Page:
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White Noise

Getting together for drinks here in the neighborhood tonight with a New York friend and long-standing NYU prof, Stephen Duncombe, who's in town for a program at the Getty today. His books are always fascinating and prescient, but this latest one he edited--White Riot: Punk Rock and the Politics of Race--is a simply stupendous read for those of us who were slamming with irony at CBGB and Stardust Ballroom while recognizing there was often something not quoite roight about it all too. "Critical punk pedagogy at its finest."

Stephen Duncombe
Through some enormous luck which I am nonetheless reticent to call "privilege," I had a chance to catch some of punk and especially New Wave in its three most seminal cities, New York, LA and the Bay Area, in the mid and late 1970s.  I didn't go to these places in search of the music--I went in search of people--but the music was a key element of the appeal of every spot.  In all this music, punk and New Wave alike, there was an ironic subcurrent; although the sentiment of the audiences was towards inclusiveness, the lyrics were often color-coded and even the music was too, in fact, even when it was at its best, the music was ironically specific to ethnicity.  Think The Tubes White Punks on Dope, X's Los Angeles, &c.  It was sometimes hard to know where the satire left off and the demands began, a fact to which Duncombe's co-editor Maxwell Tremblay testifies persistently in his half of the forward.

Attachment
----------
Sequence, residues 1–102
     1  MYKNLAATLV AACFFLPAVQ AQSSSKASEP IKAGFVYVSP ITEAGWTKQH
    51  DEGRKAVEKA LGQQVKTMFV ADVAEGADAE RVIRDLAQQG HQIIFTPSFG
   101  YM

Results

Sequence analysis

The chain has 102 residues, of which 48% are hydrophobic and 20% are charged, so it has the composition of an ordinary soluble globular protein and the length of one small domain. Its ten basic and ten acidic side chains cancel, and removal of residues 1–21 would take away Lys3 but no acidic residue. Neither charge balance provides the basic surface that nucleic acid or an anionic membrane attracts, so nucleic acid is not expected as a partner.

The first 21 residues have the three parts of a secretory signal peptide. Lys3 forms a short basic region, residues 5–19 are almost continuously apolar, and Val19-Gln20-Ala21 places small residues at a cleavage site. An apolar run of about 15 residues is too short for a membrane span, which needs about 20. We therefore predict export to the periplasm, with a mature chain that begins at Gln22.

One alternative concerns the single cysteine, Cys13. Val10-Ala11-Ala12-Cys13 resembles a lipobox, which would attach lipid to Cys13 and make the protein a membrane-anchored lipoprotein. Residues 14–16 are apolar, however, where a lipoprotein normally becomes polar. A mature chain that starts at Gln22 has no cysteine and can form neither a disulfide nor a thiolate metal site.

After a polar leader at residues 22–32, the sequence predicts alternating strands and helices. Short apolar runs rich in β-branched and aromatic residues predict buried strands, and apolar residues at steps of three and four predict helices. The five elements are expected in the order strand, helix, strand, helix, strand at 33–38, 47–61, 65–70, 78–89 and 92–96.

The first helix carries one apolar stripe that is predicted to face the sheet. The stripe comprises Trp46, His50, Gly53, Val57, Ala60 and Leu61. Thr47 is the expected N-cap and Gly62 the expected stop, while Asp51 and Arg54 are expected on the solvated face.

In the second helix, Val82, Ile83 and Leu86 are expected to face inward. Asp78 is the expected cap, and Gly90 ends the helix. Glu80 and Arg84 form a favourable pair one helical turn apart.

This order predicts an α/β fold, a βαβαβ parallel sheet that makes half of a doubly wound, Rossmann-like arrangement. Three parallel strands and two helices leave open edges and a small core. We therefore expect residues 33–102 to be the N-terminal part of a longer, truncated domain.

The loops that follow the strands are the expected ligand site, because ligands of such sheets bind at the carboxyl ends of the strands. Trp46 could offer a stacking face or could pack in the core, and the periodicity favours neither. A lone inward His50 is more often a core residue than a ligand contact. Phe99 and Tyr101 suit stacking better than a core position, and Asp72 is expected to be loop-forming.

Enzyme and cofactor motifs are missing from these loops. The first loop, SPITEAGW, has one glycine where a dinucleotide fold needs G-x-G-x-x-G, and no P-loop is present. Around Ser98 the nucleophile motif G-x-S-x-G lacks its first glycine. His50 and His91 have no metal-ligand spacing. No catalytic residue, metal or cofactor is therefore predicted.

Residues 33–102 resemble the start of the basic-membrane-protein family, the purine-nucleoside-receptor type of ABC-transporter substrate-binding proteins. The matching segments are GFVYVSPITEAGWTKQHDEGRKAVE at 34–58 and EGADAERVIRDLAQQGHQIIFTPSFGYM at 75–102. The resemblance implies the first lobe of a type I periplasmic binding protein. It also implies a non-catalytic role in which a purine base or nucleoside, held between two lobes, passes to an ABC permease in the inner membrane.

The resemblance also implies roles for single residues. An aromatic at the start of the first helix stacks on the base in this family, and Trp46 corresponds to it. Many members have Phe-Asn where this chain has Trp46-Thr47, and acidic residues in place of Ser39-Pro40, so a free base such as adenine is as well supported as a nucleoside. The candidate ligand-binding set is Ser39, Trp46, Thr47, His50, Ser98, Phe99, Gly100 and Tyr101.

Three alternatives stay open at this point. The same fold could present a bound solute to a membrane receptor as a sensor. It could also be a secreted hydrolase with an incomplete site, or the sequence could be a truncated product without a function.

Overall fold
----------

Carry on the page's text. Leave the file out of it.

The supervising editor, Duncombe, is certainly a man who anticipates our political theater well.  Duncombe's book Dream: Re-imagining Progressive Politics in an Age of Fantasy, which I've been telling readers here about for a very long time, seemed to anticipate the Obama campaign to a chilling degree--those who know the book feel like the campaign might have even lifted a page or two (I know I've been lifting ideas from it since I first broke the spine).  Now this book, which borrows its title from a Clash anthem, comes at the precise time of masked suburban angst in the #OWS effort, which could definitely use a soundtrack to explain what its democratic councils thus far haven't.  (And Duncombe has indeed been popping up at Occupy Wall Street marches, as his Facebook friends can attest--I think he gets tagged in more photos there than anyone else I know there.)

Duncombe's book, fascinating as it is, leaves room for more.  I have long wished that someone--even me?--would write a book about the spaces in which this music unfolded.  For to me the spaces seemed perfectly tailored to the music, as the music was to the scene.  Who can recall Iggy in LA in the late 1970's without thinking of him crawling in the accessible rafters of the Stardust Ballroom? That was indeed a white riot.